for forty or fifty years "two parties somewhat like the court
and country parties of England.... The first party embraced the
great proprietors of land, and the parties concerned about land
and other matters." 61 The tendency to divide up the common
lands among the proprietors in individual possession did not become
marked until the eighteenth century; but the exclusion of some from
possession of the town lands and the "equality" in allotment
favoring men with already large estates must have attracted ambitious
men who were not of the favored class to join in the movement to
new towns. Religious dissensions would combine to make frontier
society as it formed early in the eighteenth century more and more
democratic, dissatisfied with the existing order, and less respectful
of authority. We shall not understand the relative radicalism of
parts of the Berkshires, Vermont and interior New Hampshire without
enquiry into the degree in which the control over the lands by a
proprietary monopoly affected the men who settled on the frontier.
The final aspect of this frontier to be examined,
is the attitude of the conservatives of the older sections towards
this movement of westward advance. President Dwight in the era of
the War of 1812 was very critical of the "foresters,"
but saw in such a movement a safety valve to the institutions of
New England by allowing the escape of the explosive advocates of
Cotton Mather is perhaps not a typical representative
of the conservative sentiment at the close of the seventeenth century,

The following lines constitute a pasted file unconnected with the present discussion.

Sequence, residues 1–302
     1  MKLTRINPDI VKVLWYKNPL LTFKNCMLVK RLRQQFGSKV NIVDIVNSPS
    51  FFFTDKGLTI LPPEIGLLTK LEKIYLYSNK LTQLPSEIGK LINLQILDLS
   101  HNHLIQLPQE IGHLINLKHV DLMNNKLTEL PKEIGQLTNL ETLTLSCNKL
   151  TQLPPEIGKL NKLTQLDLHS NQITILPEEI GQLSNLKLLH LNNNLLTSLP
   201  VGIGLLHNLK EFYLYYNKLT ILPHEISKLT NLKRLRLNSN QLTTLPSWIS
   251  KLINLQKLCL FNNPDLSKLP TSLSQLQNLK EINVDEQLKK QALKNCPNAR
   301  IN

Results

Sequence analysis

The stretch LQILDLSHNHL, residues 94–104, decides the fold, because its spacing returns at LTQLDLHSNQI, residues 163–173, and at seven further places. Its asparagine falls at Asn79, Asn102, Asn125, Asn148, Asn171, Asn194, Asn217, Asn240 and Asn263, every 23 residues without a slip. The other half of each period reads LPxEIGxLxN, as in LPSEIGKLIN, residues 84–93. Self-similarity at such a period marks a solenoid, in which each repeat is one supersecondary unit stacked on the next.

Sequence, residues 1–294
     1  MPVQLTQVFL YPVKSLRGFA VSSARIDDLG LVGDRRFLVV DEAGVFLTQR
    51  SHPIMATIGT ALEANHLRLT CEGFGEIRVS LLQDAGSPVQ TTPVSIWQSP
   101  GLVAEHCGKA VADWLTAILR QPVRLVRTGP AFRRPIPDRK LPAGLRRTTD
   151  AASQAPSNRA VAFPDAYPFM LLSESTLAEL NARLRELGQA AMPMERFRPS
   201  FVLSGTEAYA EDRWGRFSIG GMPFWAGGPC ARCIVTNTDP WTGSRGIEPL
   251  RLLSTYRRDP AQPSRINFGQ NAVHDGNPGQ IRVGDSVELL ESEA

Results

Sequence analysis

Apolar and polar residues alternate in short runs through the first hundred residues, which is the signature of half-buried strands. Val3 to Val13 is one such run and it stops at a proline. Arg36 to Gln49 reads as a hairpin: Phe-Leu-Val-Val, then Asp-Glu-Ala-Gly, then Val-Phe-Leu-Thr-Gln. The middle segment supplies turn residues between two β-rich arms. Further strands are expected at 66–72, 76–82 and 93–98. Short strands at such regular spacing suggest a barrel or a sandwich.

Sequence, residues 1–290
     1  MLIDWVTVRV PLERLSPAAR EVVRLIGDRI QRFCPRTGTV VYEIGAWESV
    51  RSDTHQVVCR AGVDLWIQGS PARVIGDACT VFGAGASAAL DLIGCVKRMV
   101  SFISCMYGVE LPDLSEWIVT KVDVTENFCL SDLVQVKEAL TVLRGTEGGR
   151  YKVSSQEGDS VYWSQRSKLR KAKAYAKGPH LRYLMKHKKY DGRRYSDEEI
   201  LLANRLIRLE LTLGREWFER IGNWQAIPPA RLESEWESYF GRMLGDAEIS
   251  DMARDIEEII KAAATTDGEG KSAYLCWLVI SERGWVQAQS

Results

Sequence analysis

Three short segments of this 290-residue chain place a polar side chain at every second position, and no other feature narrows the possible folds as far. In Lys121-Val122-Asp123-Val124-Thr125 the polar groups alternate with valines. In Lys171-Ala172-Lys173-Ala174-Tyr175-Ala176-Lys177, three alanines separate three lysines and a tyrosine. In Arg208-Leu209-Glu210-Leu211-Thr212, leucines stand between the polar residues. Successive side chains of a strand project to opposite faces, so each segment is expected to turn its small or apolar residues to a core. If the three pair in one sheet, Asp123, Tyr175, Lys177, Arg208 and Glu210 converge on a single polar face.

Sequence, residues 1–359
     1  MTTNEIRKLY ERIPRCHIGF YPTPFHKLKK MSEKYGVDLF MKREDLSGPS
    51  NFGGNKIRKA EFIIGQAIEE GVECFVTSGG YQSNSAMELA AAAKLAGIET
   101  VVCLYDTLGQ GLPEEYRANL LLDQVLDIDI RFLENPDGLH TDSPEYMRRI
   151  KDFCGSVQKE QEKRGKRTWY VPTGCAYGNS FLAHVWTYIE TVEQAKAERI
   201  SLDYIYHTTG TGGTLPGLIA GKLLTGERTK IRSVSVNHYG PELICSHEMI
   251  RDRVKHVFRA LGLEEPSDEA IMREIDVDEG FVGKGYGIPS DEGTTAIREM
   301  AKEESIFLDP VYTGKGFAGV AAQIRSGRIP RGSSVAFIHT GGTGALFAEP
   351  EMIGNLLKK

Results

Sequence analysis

but his writings may partly reflect the attitude of Boston Bay toward
New England's first Western frontier. Writing in 1694 of "Wonderful
Passages which have Occurred, First in the Protections and then
in the Afflictions of New England," he says:
One while the Enclosing of Commons hath made
Neighbours, that should have been like Sheep, to Bite and devour
one another.... Again, Do our Old People, any of them Go Out from
the Institutions of God, Swarming into New Settlements, where they
and their Untaught Families are like to Perish for Lack of Vision?
They that have done so, heretofore, have to their Cost found, that
they were got unto the Wrong side of the Hedge, in their doing so.
Think, here Should this be done any more? We read of Balaam, in
Num. 22, 23. He was to his Damage, driven to the Wall, when he would
needs make an unlawful Salley forth after the Gain of this World....
Why, when men, for the Sake of Earthly Gain, would be going out
into the Warm Sun, they drive Through the Wall, and the Angel of
the Lord becomes their Enemy.
In his essay on "Frontiers Well-Defended
" (1707) Mather assures the pioneers that they "dwell